We climbed the first steps, our surroundings pleasantly wooded and grassy as they sloped upwards to meet the side of Sigiriya Rock proper: a landscape of stone walls, iron railings, terraces, trees, boulders and occasional monkeys.  At one point, the steps threaded through a queasily small triangle of space between two huge, propped-together rocks.  We also saw the first sign warning us about the presence of stinging insects.  In Sinhala, Tamil and English, the sign intoned: BE SILENT – WASPS.

 

 

Then we encountered the rock itself and the steps gave way to a horizontal, wooden walkway that veered to the left.  The walkway ended at more steps ascending to a small enclosed kiosk where you handed over part of your ticket to see the most famous feature on the rock’s side (as opposed to on its summit).  These are the Sigiriya Rock frescoes, paintings of female figures that once were supposed to number some 500 and covered its western face, making it a gigantic gallery.  But just a handful of them survive, in fragmented form.  We climbed a narrow, mesh-enclosed staircase that spirals up the rockface like a turning drill-bit and emerged into the surviving section of gallery, where I counted 17 figures.  Painted onto the sand-coloured canvas of the rock, they fade in and out of view like ghosts flitting in and out of the ether.  But the parts of them that remain visible, golden-skinned and clad in colourful costumes and jewellery, are still iconic.

 

You aren’t allowed to take photographs on the gallery, so instead here’s a modern and rather saucy Sigiriya Rock fresco-themed painting from the wall of our hotel room.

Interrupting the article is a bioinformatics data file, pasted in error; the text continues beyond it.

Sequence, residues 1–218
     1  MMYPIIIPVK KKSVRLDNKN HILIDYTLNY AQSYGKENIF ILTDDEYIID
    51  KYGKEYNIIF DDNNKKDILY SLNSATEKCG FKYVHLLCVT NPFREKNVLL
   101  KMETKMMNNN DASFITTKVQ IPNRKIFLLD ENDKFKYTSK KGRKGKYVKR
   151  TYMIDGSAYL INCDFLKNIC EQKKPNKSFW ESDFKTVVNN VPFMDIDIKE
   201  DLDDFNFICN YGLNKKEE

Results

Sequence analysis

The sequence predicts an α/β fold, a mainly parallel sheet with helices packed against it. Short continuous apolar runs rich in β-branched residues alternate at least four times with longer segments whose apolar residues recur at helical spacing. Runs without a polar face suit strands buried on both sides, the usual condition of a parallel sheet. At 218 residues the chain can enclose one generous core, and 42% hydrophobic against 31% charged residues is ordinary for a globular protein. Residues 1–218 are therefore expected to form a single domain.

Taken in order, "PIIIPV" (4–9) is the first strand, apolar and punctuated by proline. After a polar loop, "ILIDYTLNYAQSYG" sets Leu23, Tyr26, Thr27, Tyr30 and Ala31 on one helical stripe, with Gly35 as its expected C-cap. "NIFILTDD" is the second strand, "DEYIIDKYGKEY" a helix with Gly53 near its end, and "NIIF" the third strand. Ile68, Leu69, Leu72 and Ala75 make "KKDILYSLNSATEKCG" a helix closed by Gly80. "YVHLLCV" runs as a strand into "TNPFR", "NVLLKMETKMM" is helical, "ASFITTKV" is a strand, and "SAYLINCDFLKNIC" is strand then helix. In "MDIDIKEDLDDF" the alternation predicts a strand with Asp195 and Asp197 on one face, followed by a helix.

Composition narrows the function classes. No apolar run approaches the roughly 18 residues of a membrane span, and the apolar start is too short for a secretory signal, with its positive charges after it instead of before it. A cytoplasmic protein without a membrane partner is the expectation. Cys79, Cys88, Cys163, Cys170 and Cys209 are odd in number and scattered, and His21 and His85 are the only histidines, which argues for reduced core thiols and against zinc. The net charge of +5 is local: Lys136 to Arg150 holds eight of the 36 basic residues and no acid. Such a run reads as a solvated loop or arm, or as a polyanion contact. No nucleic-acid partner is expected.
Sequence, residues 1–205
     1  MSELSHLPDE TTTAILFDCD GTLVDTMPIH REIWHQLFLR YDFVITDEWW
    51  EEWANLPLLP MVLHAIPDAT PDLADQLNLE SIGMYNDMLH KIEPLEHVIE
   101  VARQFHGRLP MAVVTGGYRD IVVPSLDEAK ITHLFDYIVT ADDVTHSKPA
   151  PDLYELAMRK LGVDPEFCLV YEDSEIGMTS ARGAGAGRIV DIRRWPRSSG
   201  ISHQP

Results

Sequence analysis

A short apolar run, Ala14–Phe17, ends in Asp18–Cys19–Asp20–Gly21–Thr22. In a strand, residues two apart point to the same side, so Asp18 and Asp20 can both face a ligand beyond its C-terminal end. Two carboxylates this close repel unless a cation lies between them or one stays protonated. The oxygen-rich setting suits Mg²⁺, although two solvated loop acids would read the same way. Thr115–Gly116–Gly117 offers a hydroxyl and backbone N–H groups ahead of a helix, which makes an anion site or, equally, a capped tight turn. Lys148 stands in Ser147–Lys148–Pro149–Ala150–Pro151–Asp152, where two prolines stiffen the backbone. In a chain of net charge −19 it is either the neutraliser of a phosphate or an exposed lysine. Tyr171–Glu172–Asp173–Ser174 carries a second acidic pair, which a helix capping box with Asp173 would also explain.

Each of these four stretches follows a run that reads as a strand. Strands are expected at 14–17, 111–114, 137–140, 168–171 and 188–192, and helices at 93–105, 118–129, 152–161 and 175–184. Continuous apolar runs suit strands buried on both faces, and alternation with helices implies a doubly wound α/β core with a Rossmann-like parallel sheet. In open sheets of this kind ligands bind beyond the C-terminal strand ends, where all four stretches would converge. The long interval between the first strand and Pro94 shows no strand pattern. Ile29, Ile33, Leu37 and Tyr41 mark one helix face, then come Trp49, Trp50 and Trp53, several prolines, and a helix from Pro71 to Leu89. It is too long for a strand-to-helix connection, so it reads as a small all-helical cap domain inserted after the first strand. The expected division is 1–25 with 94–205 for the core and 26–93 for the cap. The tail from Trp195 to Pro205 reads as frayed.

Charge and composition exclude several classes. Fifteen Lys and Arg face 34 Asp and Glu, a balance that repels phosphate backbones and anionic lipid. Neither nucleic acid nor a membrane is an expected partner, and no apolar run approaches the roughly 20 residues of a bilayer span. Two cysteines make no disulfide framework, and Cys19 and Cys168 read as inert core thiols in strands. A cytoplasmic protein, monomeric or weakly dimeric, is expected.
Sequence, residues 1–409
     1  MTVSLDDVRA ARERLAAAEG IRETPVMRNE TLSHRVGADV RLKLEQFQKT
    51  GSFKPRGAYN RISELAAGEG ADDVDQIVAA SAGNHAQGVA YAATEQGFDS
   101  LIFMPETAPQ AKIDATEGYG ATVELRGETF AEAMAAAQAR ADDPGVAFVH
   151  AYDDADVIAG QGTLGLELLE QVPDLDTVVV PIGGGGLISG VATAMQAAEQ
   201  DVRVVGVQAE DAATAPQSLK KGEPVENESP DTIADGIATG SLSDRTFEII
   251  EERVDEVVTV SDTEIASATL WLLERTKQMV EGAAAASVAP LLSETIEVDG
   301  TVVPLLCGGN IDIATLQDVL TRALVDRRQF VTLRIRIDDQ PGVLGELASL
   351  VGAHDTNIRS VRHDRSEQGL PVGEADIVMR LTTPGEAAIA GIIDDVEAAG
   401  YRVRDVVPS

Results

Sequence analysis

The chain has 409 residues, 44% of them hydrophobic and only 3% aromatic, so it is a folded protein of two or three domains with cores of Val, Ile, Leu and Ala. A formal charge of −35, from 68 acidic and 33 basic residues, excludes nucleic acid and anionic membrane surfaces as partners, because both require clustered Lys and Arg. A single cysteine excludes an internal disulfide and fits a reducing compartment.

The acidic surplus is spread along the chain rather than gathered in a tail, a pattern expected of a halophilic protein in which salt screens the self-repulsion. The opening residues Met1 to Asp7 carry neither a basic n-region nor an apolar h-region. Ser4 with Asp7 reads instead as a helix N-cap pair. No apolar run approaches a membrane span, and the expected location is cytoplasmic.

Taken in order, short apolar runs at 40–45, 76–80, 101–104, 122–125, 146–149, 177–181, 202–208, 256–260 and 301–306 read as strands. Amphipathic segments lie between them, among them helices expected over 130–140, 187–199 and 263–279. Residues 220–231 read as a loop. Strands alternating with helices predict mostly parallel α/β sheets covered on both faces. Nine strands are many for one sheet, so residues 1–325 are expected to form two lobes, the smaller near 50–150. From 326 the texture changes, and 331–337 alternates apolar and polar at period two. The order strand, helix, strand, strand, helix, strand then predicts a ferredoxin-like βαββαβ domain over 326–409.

After descending from the gallery and returning to the main walkway, we passed an area of rock known as ‘the Mirror Wall’ because of its smoothness and shininess.  According to Wikipedia, it’s thus named because back in the day it was “so highly polished that the king could see himself while he walked alongside it.”  It hardly has that quality now but, humped over the walkway, its surface veined, gleaming and strangely soft-looking, this part of the rock seems almost organic.

 

Around a corner and past more walkways, stairs, railings and scaffolding, we emerged onto a plateau halfway up the rock’s northern side called the Lion’s Paws Terrace.  Located here is the bottom of the final series of steps and stairs leading to the summit.  This is flanked by a pair of giant, talon-ed, three-fingered paws – hence the plateau’s name – protruding out of a mound of ancient brown brickwork.  These might once have been attached to a sphinx-like statue with a lion’s shoulders and head but now just the oddly disembodied paws remain.